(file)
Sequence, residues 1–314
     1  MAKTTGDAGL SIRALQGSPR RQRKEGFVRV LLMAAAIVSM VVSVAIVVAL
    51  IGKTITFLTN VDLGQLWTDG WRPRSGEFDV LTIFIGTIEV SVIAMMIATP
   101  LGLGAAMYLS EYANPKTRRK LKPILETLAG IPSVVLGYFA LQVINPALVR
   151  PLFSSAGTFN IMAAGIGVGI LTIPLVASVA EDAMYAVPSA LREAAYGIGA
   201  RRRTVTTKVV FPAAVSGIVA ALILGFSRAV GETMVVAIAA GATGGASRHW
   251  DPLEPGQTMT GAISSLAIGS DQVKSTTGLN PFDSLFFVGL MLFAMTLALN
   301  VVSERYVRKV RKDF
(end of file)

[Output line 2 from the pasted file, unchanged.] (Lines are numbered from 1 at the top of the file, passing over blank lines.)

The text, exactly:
     1  MAKTTGDAGL SIRALQGSPR RQRKEGFVRV LLMAAAIVSM VVSVAIVVAL